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The girls who went away : the hidden history of women who surrendered children f
Ann Fessler
Adult Nonfiction HV875.55 .F465 2006

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From Publishers' Weekly:

Nobody ever asked me if I wanted to keep the baby," says Joyce, in a story typical of the birth mothers, mostly white and middle-class, who vent here about being forced to give up their babies for adoption from the 1950s through the early '70s. They recall callous parents obsessed with what their neighbors would say; maternity homes run by unfeeling nuns who sowed the seeds of lifelong guilt and shame; and social workers who treated unwed mothers like incubators for married couples. More than one birth mother was emotionally paralyzed until she finally met the child she'd relinquished years earlier. In these pages, which are sure to provoke controversy among adoptive parents, birth mothers repeatedly insist that their babies were unwanted by society, not by them. Fessler, a photography professor at the Rhode Island School of Design, is an adoptee whose birth mother confessed that she had given her away even though her fianc?, who wasn't Fessler's father, was willing to raise her. Although at times rambling and self-pitying, these knowing oral histories are an emotional boon for birth mothers and adoptees struggling to make sense of troubled pasts. (May 8) (c) Copyright PWxyz, LLC. All rights reserved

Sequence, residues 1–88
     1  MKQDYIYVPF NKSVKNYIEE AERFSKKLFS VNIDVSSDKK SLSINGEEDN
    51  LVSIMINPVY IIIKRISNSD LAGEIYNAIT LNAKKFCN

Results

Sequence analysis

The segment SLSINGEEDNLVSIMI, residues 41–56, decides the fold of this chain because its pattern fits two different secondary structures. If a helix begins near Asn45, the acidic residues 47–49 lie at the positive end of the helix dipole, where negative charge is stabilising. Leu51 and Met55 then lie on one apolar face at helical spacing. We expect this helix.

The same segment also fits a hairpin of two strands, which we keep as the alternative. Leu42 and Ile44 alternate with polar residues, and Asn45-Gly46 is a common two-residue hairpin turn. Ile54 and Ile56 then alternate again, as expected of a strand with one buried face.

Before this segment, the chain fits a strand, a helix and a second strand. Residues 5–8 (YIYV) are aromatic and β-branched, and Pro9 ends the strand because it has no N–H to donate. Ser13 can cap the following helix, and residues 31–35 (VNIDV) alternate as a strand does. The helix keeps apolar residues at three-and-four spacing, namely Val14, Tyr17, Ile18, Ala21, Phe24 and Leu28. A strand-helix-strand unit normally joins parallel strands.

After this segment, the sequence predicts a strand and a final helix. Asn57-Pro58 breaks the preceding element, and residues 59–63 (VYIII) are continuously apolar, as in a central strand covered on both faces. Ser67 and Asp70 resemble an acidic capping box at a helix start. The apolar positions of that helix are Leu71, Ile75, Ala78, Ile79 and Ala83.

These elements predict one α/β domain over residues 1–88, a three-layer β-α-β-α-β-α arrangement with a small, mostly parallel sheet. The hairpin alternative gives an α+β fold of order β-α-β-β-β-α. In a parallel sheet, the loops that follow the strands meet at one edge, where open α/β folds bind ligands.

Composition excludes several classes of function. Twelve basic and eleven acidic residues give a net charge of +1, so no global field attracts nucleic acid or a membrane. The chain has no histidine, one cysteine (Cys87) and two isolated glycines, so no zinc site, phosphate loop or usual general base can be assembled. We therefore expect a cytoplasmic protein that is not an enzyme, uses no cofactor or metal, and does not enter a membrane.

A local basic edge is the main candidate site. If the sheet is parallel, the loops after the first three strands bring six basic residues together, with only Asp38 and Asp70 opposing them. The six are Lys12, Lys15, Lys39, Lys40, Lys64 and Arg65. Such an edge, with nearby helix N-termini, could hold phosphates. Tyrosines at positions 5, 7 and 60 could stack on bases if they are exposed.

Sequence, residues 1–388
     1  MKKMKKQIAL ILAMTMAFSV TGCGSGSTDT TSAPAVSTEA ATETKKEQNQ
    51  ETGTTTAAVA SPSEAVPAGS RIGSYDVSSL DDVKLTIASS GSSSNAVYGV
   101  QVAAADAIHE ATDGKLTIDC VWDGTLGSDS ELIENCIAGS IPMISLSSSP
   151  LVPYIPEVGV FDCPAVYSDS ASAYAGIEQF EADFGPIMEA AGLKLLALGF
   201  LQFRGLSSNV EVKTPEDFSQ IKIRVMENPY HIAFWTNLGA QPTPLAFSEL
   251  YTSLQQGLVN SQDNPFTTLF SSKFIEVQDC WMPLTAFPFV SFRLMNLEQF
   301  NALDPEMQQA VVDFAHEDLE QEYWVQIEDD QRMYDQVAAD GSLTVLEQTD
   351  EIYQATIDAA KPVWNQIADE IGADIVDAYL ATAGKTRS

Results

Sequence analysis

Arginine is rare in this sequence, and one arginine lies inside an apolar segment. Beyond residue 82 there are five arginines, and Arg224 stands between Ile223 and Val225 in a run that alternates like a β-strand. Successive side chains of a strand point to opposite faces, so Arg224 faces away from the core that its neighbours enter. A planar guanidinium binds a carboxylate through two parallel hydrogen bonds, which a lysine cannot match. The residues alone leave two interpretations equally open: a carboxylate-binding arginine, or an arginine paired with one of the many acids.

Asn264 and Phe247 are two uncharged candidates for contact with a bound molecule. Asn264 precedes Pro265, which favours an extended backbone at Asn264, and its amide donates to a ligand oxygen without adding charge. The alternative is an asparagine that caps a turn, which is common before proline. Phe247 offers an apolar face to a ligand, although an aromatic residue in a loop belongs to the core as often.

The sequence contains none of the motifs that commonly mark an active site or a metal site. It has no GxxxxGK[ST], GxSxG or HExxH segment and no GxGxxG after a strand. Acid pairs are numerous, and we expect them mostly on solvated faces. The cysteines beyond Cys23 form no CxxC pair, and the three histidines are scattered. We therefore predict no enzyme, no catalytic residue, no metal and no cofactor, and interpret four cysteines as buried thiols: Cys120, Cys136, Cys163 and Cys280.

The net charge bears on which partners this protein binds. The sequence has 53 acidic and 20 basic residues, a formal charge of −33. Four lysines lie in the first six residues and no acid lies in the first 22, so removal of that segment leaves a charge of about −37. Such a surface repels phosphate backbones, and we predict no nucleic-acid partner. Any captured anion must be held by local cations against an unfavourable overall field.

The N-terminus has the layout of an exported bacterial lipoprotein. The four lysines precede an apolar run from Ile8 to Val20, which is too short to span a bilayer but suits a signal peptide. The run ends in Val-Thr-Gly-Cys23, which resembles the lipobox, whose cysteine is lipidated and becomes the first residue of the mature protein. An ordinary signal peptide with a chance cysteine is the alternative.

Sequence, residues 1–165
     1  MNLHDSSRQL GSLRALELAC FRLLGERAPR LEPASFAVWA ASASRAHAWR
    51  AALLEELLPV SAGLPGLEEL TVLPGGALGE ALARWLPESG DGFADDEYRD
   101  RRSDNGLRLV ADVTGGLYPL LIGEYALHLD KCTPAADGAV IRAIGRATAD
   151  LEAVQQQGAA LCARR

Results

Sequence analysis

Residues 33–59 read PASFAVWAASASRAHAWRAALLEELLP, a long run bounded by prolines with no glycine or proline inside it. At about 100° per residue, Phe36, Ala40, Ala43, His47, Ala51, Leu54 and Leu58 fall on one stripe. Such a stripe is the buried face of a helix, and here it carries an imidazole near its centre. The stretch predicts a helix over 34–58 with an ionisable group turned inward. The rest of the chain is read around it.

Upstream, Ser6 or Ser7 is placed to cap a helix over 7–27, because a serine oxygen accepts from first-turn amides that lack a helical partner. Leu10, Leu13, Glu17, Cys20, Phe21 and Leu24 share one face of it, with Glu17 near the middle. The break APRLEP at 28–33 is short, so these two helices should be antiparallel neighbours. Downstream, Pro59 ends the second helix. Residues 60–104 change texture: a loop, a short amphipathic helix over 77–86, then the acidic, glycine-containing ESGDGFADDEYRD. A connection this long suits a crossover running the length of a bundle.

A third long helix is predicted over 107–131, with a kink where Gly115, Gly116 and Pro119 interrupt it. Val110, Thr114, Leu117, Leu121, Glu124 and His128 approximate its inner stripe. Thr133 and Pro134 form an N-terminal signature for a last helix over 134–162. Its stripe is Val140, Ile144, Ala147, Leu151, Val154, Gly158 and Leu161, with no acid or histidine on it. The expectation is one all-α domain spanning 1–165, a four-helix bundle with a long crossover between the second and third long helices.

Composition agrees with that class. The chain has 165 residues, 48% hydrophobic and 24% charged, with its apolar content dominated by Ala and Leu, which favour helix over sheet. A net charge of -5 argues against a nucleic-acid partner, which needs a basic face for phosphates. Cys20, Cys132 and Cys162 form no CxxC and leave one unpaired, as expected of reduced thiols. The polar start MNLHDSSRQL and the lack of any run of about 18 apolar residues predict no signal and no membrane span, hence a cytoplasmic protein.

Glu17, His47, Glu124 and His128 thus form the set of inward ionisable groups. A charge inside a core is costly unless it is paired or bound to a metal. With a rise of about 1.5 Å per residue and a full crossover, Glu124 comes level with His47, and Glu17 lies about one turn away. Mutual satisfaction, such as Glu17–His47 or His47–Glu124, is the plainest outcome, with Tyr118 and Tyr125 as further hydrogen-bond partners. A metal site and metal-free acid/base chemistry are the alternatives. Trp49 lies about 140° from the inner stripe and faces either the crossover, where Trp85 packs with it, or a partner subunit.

From Library Journal:

Fessler's book is the culmination of interviews with more than 100 women who had been forced to give up their children for adoption between the end of World War II and Roe v. Wade (1973). The book discusses all facets of the complex issue, including the women's discovery that they were pregnant out of wedlock, going away to maternity homes to deliver the babies, and later searching for their adult children. Fessler (photography, Rhode Island Sch. of Design) successfully intertwines the women's personal stories with descriptive text, placing the accounts in historical context. An adoptee herself, she begins and ends the book with the search for her own birth mother. She points out that although the circumstances of the women she interviewed varied (generally, they had answered queries Fessler had placed in newspapers), they all shared a sense of overwhelming loss and isolation in their grief. Thought-provoking and thoroughly researched, this book is recommended for all libraries. [See Prepub Alert, LJ 1/06.]-Nicole Mitchell, Birmingham, AL (c) Copyright 2010. Library Journals LLC, a wholly owned subsidiary of Media Source, Inc. No redistribution permitted.

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